The zero waste movement is really trendy at the moment. I’m also try to apply this lifestyle due to ecological reasons. But I wonder… Is necessary to buy more before going ‘Zero Waste’? In this post I will try to explain how, by a minimum of organizing and some minor materials, you can start with what you already got at home!
When you’re a queen (or king) of DIY, you’ll be lucky and it will be easier for you to create your own cotton bags and other stuff by re- or up-cycling (old) clothes. But, if you are more like me and not so handy, some minor investments now or then can be required. And some creative thinking is always a ‘plus’. And remember you can also ask others to help you create stuff.
Are Zero Waste and minimalism similar?
In my approach, zero waste is a way of being minimalistic. You reduce things that you own(ed) and it takes less time to maintain it. You also reduce your impact on the environment by having less ànd producing less waste. Reducing waste and waste suppliers can also be a way of decluttering your life as it will simplify and will potentially give you a clear view of what you have and own.
A first importante ‘rule’, I guess, in going ‘Zero Waste’ : REFUSE !
Refuse wrapping you don’t need, refuse that waste that will ask your time to throw away and recycle it. To be honest, it’s not always easy, especially when someone brings you a gift. But if you don’t have the need of it, why keep it? Don’t let it enter your life and take your space, your time (finding a good place, cleaning it regularly, etc. etc. A (useful) gift can always find a second home and maybe it is useful for someone else? Find a local second-hand shop, donate it… or kindly give it back to the person who gives it to you and while being grateful for the gesture, you can explain why you chose to refuse.
Bulk shops and more zero waste shops offer their costumers to buy by filling jars and bags. As in the picture above, I reused some (big) jars from the supermarket. For example: when I was making some quick pasta I chose to buy a nice glass bottle of passata instead of a carton box. By washing it out, I got a nice bottle I now use for my home-made soap for my laundry. Or to fill at the bulk shop. So by reusing the jar I did not trow away any packaging and I didn’t need to buy anything (expensive) at the local shop to fill or use as my own jar.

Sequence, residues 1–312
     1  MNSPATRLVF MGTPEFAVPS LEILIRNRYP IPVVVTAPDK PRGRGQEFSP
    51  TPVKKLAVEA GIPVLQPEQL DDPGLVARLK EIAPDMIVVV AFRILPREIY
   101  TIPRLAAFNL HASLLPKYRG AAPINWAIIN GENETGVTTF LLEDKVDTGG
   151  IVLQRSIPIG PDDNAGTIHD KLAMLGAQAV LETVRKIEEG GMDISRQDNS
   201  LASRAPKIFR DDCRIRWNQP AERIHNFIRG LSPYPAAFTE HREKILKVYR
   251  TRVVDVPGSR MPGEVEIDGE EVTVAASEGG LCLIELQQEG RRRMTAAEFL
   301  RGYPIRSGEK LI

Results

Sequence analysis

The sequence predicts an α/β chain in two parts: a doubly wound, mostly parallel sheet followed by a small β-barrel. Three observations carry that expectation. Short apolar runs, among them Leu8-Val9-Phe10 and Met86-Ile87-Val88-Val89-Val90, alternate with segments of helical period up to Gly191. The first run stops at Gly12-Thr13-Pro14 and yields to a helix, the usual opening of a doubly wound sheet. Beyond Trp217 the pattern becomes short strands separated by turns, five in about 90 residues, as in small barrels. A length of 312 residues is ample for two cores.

Another example of Reuse, is using the same thing for different activities. Like the bamboo cutlery I bought for the occasional (romantic) picnic and (mainly) to take to work (going daily through Airport security). But don’t forget that metal cutlery that you’ve got home is perfect too, if you don’t need to go through check points. And to be honest, they are much better than the one in bamboo and easier to clean. So think about it before you buy by asking yourself the question: ‘is there anything you can use instead of the instagram-fashionable alternative that is cheaper, easier or that I already have at home?’
But, IF you still buy them in bamboo, know it will ask some space and time. They are requiring much more time to clean as they don’t go into the dish-washer (if you use one). And why space? As a human being, I would recommend you not to stow them with the regular metal cutlery in your kitchen but in a separate space… A space that can be useful for something else even more important and with a bigger need for your everyday cooking: your (hand) bag.
By taking your own cutlery set with you, it can be easier to refuse the single use plastic ones you usually get when taking away your lunch of the leftover of your meal. And while you are at it, why not taking your own jar or box with you as well?
And IF you drink coffee (or tea) at work, why not using a cup from home instead of using the (extremely difficult to recycle) hot drink cups? If you’re always on the go, maybe a metal or bamboo cup will be better and easier. And, to be honest, doesn’t it feel so much better to drink coffee or tea from a porcelain mug instead of that paper/plastic cup?
Do I really need it?
“Do I really need it?” is a question that needs to be permanently in your head when you want to buy something. Even when you walk in a nice zero waste shop, or see that great aluminium red colored reusable bottle for hot and cold drinks it can help to decide ‘to wait at least 10 days to buy it’. If you still want it (or need it?), it can be a clever move. But mainly… It’s not.
But, when talking about food and when it is a basic need (like vegetables or fruits), the question is not “Do I really need it?” but might become more like “Is it the most sustainable way of having it?”. Why producing the waste (mainly plastic when it comes to the food industry) if you can avoid it? If there is no alternative, remember you can leave all plastic wrapping at the supermarket and they are obliged to take it back (after paying).